August 1846-June 1847

The Collected Letters, Volume 21


TC TO JOHN A. CARLYLE; 20 November 1846; DOI: 10.1215/lt-18461120-TC-JAC-01; CL 21:95-96.


Chelsea, 20 Novr, 1846—

There is no news I have to tell you tonight, dear Brother; except only to mention, for the quieting of some possible scruples in my Mother, that the Gown-piece, announced some time ago and never yet received in Dumfries, is quite safe notwithstanding. There was a small mistake made here about the sending of it off; which mistake, so soon as I heard from Jean that the thing had not come, I got rectified; and now, Chapman assures me, the Parcel is off; and, as I have written to Jean on the subject, you are likely to receive it about the beginning of next month at latest. So much for that.

We are still very quiet here, and tolerably well in health; not doing very much; quietly enjoying the late excellent weather, till this loud storm came on. About an hour ago, Miss Helen Welsh arrived from Liverpool; I have left her, after tea, down stairs with Jane. She is to stay till Christmas; about which time there is some uncertain speculation of our going off ourselves on a visit of some length to Alverstoke,—somewhat problematic, as I judge at present. Miss Helen will do no ill here in the interim; tho' Jeannie, our old favourite, I think, would have answered better. We likewise expect, from minute to minute, our new Servant maid tonight! A strapping Edinburgh lass, well recommended; chosen by Jane's old Betty, who has a most judicious eye: we shall see how the pudding proves by eating of it soon!1 Poor little Servant Helen, whose head is somewhat turned, sets off for Dublin tomorrow; I doubt it will turn to no good for the poor little tick; but none of us could do anything to help it. These are our domestic events.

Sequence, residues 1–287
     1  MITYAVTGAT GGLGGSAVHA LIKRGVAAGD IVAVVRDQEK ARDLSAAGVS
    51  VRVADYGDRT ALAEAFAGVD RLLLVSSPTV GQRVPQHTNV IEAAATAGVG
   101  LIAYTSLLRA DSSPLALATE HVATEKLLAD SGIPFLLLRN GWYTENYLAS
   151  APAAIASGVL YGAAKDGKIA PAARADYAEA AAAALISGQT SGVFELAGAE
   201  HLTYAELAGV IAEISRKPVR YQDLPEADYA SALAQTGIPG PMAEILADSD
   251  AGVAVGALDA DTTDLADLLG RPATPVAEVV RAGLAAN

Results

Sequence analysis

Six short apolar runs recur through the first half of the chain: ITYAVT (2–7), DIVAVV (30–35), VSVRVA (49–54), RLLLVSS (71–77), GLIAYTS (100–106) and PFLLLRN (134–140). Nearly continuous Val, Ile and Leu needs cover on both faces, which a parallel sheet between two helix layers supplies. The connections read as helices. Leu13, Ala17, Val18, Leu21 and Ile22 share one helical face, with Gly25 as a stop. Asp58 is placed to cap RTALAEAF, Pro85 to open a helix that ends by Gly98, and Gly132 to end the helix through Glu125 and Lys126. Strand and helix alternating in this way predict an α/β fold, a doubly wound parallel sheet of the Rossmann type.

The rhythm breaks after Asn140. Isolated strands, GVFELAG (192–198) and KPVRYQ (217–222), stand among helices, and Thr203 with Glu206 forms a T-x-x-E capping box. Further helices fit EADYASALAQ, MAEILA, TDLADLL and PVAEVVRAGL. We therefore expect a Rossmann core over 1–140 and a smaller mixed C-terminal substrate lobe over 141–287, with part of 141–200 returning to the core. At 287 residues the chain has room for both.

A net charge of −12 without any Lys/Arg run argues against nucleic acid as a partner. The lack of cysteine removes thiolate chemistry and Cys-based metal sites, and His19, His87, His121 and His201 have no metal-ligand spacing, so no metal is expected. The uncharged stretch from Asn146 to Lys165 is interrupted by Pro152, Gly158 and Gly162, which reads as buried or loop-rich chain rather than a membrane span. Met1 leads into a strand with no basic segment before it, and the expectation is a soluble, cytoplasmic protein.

In reference to myself, I should have told you one thing long since: the fate of the Dandelion Pills! I swallowed one daily for some time; but found a decided irritation and little other result produced; so that being obliged to interfere with a more effective aloetic article, and stand its irritation over and above, I had to give up the other concern: I tried the gallipot juice too, once or twice, but with no better consequence and so there I stand,—a man incurable by any kind of medicine; for whom medicine might as well not have been! By dint of going idle, I am on the whole rather better at present than usual.

The man we met at Thomas Erskines was Fairey; the Italian Scotch traveller (not the sick one) who consulted you last year: a good kind of man.2 About a month since he had already addressed me, by mistake, for you, one day in the Park. I asked him to call on me again. Erskine is under Doctors or Surgeons; but seems well and cheerful in mind.— We expect the Scotsbrig Meal soon. I was greatly obliged by your Annandale notices and news.3 Take care of my Mother! My blessing with you all.—

T. Carlyle